Reproductive Health Among Sexual Minority Youth


Reproductive Health Among Sexual Minority Youth

This study will assess reproductive health among sexual minority youth, and to understand risk and protective factors for reproductive health among members of this vulnerable population.

Many of the problems experienced by sexual minority youth - such as family problems, problems in the peer group, victimization and bullying - have been well documented (IOM, 2011), but other potential problem areas are less well known. For example, some research with lesbian, gay, and bisexual adolescents’ sexual behavior has found early and risky patterns of sexual behavior among sexual minority youth (IOM, 2011). Most surprising to many observers is evidence among sexual minority youth of early and risky sexual behavior with opposite sex partners. In fact, the results of some studies suggest that rates of pregnancy among sexual minority girls may be as high or even higher than those among heterosexual girls (Saewyc et al., 1999). One study reported that sexual minority adolescent boys were more likely than heterosexual boys to say that they had fathered a child (Saewyc et al., 1998). Many existing studies suffer from a number of problems, however, such as small samples, non-representative sampling, and use of non-standard assessment techniques. Despite the significance of reproductive health outcomes, and despite clear evidence of increased mental health problems among lesbian and gay youth, only one study of a representative sample of sexual minority youth in the United States has yet been reported, and it was based on data from a single state that are now more than twenty years old (Saewyc et al., 1999).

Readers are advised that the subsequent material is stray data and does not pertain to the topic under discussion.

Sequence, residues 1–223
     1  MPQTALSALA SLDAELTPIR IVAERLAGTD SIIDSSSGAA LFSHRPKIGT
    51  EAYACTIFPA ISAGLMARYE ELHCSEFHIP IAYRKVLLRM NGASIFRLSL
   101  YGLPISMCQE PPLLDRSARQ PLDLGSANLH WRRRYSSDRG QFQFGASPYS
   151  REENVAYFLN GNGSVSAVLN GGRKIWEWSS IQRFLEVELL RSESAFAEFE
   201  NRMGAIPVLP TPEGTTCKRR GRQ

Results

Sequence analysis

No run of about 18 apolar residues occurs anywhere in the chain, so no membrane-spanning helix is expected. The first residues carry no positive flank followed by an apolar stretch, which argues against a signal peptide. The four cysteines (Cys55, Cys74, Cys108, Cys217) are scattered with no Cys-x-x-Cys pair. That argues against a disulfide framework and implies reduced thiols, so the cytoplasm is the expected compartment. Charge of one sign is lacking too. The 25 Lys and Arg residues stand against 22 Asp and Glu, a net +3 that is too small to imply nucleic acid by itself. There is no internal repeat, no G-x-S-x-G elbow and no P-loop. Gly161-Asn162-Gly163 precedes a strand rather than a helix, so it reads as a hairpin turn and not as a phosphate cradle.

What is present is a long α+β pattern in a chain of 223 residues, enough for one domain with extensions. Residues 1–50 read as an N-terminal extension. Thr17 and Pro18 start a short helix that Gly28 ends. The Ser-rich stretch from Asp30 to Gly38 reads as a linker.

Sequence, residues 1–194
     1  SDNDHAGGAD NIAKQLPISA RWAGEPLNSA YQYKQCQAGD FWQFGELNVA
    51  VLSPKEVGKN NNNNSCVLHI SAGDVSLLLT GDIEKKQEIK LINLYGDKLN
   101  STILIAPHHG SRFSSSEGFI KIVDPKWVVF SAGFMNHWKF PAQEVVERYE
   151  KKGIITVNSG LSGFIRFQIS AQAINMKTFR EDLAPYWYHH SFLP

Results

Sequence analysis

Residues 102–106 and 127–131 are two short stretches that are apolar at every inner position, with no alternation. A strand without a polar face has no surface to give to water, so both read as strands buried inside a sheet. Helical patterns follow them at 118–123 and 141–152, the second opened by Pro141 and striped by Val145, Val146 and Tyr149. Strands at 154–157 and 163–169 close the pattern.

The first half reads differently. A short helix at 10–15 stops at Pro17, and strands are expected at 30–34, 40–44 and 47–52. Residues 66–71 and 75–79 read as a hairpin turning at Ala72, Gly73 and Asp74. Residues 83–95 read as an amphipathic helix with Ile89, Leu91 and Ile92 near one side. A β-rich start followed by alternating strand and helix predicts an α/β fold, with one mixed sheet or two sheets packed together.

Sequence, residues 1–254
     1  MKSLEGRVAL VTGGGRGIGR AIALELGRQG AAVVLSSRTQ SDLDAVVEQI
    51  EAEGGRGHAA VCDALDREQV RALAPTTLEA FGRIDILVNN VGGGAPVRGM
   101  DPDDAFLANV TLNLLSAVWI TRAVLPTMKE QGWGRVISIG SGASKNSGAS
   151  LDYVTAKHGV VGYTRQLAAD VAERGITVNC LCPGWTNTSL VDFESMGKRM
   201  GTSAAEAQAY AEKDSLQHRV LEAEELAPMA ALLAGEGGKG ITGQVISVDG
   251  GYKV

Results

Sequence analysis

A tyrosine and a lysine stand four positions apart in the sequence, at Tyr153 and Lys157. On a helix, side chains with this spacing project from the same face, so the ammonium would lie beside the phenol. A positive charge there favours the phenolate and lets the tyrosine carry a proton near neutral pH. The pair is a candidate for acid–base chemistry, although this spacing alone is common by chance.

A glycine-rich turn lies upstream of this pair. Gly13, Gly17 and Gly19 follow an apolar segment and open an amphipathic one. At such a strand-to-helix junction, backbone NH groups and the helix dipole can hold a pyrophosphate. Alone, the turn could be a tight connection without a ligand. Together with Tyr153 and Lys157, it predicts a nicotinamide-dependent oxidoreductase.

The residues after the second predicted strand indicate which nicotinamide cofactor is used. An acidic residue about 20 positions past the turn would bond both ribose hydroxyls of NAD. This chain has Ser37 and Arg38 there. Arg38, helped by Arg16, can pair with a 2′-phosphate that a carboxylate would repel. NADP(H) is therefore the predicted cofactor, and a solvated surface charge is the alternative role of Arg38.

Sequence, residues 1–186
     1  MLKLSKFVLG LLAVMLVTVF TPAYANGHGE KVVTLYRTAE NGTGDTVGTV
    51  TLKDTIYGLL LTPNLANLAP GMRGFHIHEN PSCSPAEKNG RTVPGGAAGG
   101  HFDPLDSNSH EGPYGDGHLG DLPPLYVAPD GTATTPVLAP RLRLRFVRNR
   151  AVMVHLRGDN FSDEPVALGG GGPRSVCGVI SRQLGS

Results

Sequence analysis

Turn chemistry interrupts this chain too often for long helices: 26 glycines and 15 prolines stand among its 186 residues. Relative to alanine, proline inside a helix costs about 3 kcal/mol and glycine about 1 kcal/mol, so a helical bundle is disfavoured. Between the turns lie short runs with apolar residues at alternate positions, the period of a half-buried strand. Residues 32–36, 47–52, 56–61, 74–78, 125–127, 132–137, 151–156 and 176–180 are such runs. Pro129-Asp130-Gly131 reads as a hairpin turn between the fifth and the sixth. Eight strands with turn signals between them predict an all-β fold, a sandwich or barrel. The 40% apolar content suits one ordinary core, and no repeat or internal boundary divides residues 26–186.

This work will allow creation of a comprehensive, contemporary profile of sexual and reproductive behavior among sexual minority as compared with heterosexual youth in the United States. In this initial phase, using data from the NSFG, we seek to document sexual and reproductive health difficulties among sexual minority youth. NIH funding will then be sought to understand more fully the risk and protective factors associated with sexual and reproductive health among these high-risk youngsters.

Principle Investigator - Charlotte J. Patterson - Professor of Psychology